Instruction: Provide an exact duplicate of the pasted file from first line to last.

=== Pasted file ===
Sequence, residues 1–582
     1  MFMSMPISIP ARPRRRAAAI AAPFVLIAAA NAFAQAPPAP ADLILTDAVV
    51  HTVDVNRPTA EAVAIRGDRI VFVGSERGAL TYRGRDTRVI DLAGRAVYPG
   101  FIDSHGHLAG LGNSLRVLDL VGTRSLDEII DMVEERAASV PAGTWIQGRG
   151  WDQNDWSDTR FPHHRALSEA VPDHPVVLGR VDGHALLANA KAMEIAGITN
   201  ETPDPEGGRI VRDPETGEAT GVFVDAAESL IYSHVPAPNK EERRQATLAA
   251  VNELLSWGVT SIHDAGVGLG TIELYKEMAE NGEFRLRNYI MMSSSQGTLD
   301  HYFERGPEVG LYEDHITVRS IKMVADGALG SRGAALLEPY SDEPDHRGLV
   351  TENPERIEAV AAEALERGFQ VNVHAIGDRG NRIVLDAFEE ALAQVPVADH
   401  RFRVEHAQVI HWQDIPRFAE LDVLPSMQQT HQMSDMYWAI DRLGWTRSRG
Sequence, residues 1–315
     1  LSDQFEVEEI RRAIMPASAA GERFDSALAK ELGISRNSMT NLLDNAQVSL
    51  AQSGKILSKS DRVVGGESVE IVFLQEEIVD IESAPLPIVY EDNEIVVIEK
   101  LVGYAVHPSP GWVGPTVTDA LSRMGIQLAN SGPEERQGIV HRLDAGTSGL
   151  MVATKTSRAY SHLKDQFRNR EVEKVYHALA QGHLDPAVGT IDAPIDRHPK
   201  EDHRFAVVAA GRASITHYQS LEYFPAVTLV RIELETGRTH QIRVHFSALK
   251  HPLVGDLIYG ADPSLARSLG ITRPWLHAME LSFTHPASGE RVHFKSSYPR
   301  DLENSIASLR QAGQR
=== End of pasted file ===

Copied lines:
Sequence, residues 1–582
     1  MFMSMPISIP ARPRRRAAAI AAPFVLIAAA NAFAQAPPAP ADLILTDAVV
    51  HTVDVNRPTA EAVAIRGDRI VFVGSERGAL TYRGRDTRVI DLAGRAVYPG
   101  FIDSHGHLAG LGNSLRVLDL VGTRSLDEII DMVEERAASV PAGTWIQGRG
   151  WDQNDWSDTR FPHHRALSEA VPDHPVVLGR VDGHALLANA KAMEIAGITN
   201  ETPDPEGGRI VRDPETGEAT GVFVDAAESL IYSHVPAPNK EERRQATLAA
   251  VNELLSWGVT SIHDAGVGLG TIELYKEMAE NGEFRLRNYI MMSSSQGTLD
   301  HYFERGPEVG LYEDHITVRS IKMVADGALG SRGAALLEPY SDEPDHRGLV
   351  TENPERIEAV AAEALERGFQ VNVHAIGDRG NRIVLDAFEE ALAQVPVADH
   401  RFRVEHAQVI HWQDIPRFAE LDVLPSMQQT HQMSDMYWAI DRLGWTRSRG
Sequence, residues 1–315
     1  LSDQFEVEEI RRAIMPASAA GERFDSALAK ELGISRNSMT NLLDNAQVSL
    51  AQSGKILSKS DRVVGGESVE IVFLQEEIVD IESAPLPIVY EDNEIVVIEK
   101  LVGYAVHPSP GWVGPTVTDA LSRMGIQLAN SGPEERQGIV HRLDAGTSGL
   151  MVATKTSRAY SHLKDQFRNR EVEKVYHALA QGHLDPAVGT IDAPIDRHPK
   201  EDHRFAVVAA GRASITHYQS LEYFPAVTLV RIELETGRTH QIRVHFSALK
   251  HPLVGDLIYG ADPSLARSLG ITRPWLHAME LSFTHPASGE RVHFKSSYPR
   301  DLENSIASLR QAGQR